Stimulating the senses. Photographs, especially of a partner if there is a possibility they can’t be there. Scent to bring reassurance and comfort, a t-shirt with their aftershave on, a handkerchief with essential oils. Home comforts such as a pillow, blanket or toy.

7. Hypnobirthing techniques all the way

Hypnobirthing reduces fear and anxiety and so using these techniques during pregnancy will massively help you to cope with the uncertainty and the stress that creates. It will also help you to release fear or worry around labour and birth to build your confidence. Practising Hypnobirthing techniques such as visualisation, self hypnosis, breathing techniques and relaxation will ensure they are familiar and instinctive so you don’t need as many prompts from a partner. Identify the audio tracks or songs/playlists that really help keep you calm and encourage you to relax and use them repeatedly to build connections and associations.

8. Get your birth partner to record a relaxation script or affirmations

You can’t beat the reassuring voice of the person you love and trust the most. Don’t just rely on a live phone call or video chat. Record them reading a relaxation script and then you have this to play out loud whenever you need it. Practise this at home during pregnancy too.

hypnobirthing couple online

9. Food, food and more food.

Snacks and drinks are an essential part of any birth bag, but pack much more now than you were going to. Canteens are only being opened for staff in most hospitals. Some small food outlets are remaining open but this isn’t a practical option for you. Even if your birth partner is there with you, they won’t be able to leave the birth centre/suite for extra refreshments. Fingers crossed the obligatory tea and toast will still be there but for anything else, plan ahead. Energy and rehydration drinks, sweets and chocolate, dried fruit, crackers, individually wrapped brioche rolls/pastries, sealed fruit and jelly pots, cereal and energy bars…

10. Take a social media break

Social media and news bulletins provide informative updates but they also generate anxiety and over-reliance on the next round of statistics. Your baby will come. You will birth. No amount of current news knowledge is going to change that. Be informed, but intermittently, not constantly. You can’t prepare well when your mind is being flooded with new worries. Know when you need to take a step back.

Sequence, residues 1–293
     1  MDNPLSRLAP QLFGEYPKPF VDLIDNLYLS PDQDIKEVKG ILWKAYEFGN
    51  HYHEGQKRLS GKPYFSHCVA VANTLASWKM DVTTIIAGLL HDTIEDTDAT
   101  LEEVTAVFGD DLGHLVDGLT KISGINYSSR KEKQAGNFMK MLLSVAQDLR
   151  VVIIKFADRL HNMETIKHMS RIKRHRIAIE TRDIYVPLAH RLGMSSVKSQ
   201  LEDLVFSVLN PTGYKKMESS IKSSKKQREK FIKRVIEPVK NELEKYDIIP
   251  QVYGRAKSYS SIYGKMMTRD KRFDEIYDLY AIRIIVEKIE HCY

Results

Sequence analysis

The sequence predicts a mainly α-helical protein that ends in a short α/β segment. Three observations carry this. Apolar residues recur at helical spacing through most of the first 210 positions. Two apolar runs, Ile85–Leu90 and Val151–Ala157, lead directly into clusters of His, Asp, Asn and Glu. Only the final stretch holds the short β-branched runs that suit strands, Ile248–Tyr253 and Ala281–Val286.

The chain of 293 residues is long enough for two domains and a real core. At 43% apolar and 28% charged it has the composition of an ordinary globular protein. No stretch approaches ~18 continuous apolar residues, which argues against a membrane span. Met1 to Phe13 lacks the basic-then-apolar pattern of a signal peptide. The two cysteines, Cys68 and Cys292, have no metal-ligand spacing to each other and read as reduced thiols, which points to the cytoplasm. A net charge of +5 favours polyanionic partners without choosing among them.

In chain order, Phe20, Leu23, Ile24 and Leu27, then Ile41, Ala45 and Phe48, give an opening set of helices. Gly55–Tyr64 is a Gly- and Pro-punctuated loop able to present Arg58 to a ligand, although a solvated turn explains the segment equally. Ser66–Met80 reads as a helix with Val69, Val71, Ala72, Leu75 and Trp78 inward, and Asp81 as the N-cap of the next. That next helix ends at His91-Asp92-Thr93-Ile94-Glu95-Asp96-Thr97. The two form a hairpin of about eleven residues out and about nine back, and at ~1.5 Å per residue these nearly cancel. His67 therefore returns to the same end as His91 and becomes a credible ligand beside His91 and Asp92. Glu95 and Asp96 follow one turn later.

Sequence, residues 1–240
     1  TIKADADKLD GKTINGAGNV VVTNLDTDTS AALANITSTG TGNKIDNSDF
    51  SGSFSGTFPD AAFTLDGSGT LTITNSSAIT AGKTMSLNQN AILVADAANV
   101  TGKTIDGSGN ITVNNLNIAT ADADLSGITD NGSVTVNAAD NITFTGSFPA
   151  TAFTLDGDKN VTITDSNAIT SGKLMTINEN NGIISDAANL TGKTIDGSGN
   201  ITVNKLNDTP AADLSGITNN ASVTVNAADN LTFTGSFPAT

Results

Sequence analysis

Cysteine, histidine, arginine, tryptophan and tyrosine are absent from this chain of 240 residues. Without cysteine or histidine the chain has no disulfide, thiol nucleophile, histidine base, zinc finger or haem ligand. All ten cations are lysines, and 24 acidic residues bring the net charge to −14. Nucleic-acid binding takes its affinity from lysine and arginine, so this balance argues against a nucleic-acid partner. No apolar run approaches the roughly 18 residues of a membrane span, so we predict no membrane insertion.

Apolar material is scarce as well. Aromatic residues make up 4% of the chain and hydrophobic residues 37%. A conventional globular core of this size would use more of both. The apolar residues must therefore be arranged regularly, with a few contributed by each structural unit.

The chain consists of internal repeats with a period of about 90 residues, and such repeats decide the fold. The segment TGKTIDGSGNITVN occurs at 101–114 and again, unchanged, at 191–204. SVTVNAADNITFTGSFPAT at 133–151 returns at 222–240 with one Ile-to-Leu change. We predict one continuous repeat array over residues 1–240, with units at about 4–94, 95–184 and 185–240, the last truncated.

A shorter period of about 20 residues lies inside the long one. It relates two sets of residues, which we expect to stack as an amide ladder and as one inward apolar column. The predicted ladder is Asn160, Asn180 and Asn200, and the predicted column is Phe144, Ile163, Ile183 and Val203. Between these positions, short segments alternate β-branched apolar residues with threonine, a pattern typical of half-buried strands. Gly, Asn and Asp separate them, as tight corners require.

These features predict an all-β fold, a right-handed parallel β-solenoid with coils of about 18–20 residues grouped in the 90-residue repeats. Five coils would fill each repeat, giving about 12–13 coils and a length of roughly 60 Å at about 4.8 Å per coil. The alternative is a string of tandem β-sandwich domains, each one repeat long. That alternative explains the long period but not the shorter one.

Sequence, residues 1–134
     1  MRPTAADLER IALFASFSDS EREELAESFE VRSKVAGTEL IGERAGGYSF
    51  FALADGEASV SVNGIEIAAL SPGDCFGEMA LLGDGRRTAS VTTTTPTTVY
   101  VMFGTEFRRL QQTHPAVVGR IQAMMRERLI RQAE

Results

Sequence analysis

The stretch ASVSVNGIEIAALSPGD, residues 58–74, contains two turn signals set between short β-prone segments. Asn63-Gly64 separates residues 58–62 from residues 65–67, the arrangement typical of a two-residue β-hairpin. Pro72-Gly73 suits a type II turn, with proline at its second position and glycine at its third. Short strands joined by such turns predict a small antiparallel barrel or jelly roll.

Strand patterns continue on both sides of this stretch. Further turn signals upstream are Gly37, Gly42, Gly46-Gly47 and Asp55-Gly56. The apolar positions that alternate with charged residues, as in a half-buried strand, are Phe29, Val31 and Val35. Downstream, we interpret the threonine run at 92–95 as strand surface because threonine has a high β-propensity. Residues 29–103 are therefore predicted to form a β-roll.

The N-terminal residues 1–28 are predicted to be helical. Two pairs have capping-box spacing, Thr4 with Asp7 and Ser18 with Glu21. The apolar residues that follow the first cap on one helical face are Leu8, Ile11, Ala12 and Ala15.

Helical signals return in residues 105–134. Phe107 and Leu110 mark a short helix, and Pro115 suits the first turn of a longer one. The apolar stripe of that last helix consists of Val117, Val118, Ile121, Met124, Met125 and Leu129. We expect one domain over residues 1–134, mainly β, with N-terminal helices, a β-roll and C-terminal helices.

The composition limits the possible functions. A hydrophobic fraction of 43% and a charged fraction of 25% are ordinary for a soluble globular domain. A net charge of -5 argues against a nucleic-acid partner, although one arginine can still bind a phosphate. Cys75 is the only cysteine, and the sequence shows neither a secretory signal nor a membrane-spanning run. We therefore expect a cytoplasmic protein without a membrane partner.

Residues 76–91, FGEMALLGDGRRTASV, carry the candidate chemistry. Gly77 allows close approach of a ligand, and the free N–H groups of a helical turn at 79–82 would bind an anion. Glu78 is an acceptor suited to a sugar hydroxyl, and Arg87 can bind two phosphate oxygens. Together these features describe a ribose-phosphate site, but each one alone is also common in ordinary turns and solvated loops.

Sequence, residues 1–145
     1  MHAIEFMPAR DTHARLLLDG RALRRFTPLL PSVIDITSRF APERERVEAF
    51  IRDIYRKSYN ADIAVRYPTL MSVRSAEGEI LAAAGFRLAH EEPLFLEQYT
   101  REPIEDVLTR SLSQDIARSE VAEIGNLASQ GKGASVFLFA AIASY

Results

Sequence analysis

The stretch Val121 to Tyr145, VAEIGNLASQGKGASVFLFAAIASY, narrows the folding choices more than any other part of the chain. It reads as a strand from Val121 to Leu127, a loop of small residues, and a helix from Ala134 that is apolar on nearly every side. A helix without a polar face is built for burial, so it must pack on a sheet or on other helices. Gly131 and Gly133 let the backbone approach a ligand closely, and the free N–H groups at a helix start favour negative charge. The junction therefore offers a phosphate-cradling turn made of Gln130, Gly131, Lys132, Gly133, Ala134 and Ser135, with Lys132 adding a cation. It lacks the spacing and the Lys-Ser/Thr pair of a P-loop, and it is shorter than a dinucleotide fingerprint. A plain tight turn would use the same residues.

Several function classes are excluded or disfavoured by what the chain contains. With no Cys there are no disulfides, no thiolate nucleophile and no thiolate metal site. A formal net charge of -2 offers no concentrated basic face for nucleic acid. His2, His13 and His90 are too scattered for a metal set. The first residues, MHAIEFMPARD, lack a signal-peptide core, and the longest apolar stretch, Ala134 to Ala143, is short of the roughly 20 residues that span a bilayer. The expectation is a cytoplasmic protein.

11. Don’t forget to plan for the golden hour and beyond

The changes associated with Coronavirus impact on postnatal care as well as labour and birth. The main impact will be duration of stay for partners after birth and visitor restrictions on postnatal wards. The midwives and postnatal ward staff will provide an amazing level of care to help you feel safe and supported at such a wonderful and scary time, but plan ahead by researching and being informed on what to expect postnatally. Include immediate post birth preferences in your birth plan/preferences (skin to skin, optimal cord clamping, initiating feeding etc) and consider what support you can draw on where ordinarily you would be relying on your partner. Current advise relating to Coronavirus and newborns is that women and babies should remain together and breastfeeding should continue as normal. Postnatally, get those devices on (ask your midwife to help you) and make contact with your close family and partner. Share your amazing moments.

Benefits of an undisturbed first hour

12. You will NEVER birth alone.

Place your hand on your bump. Feel the movements of that person inside you. From the moment you conceived your baby they have been with you. They will be with you right until they come earthside. No matter who else is in the room with you, there is someone you love unconditionally going through it all right alongside you. You’ll dance this dance together.

 

How I Can Support You

If you would like support in how to prepare for an empowered and positive birth, no matter what is happening in the outside world, I offer a range of antenatal and Hypnobirthing sessions online via video link. These include:

  • Full private courses fully tailored to your needs (including access to online resources)
  • Group workshops (including access to online resources)
  • 90 minute ‘Essentials’ sessions
  • Free weekly pregnancy relaxations Live on Facebook
  • Personalised birth planning sessions
  • A chat any time to answer your questions or alleviate any worries

Click here to find out more

For information and updates on pregnancy/birth and Coronavirus:

AIMS

Birthrights

Breastfeeding Network

RCOG

 

Leave a Reply

Close Menu